I'll have to disagree
with the many objections and agree
with the original question (now that
is uncommon for me!). Though the explanation is confusing, misleading, and maybe even wrong, the answer is, in fact, correct.
The explanation that CLR doesn't count as a seperate category because they can also be used as DDL triggers is of course utter ****. No arguing there. However, that doesn't make it a seperate category. It's just a different language
to code a trigger in. So we have two categories: AFTER triggers (which may also be defined by using the keyword FOR instead of AFTER), which can be coded in either T-SQL or in .Net, and INSTEAD OF triggers, which also can be coded in either T-SQL or in .Net.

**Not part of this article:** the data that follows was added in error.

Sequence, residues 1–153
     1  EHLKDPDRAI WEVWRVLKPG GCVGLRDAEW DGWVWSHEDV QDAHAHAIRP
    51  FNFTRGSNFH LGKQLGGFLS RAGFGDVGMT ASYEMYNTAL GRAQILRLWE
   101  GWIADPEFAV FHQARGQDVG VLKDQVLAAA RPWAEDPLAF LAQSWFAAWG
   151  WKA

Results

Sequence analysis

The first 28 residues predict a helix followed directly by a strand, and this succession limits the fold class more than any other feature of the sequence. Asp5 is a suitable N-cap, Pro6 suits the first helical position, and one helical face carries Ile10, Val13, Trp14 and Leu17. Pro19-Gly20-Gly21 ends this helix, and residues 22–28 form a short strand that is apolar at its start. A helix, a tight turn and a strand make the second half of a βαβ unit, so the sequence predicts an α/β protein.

If you want to consider CLR triggers a seperate category, fine - but then the total immediately bumps to four, because you then still have to distinguish CLR INSTEAD OF triggers from CLR AFTER triggers. There was no answer option including these two types of triggers, so it was clear that the "type" did not refer to the language.
Everyone arguing that "CLR triggers" is in itself a single type of trigger is just wrong. So there, I've said it - let the flaming commence!
Hugo Kornelis, SQL Server/Data Platform MVP (2006-2016)
Visit my SQL Server blog: http://sqlblog.com/blogs/hugo_kornelis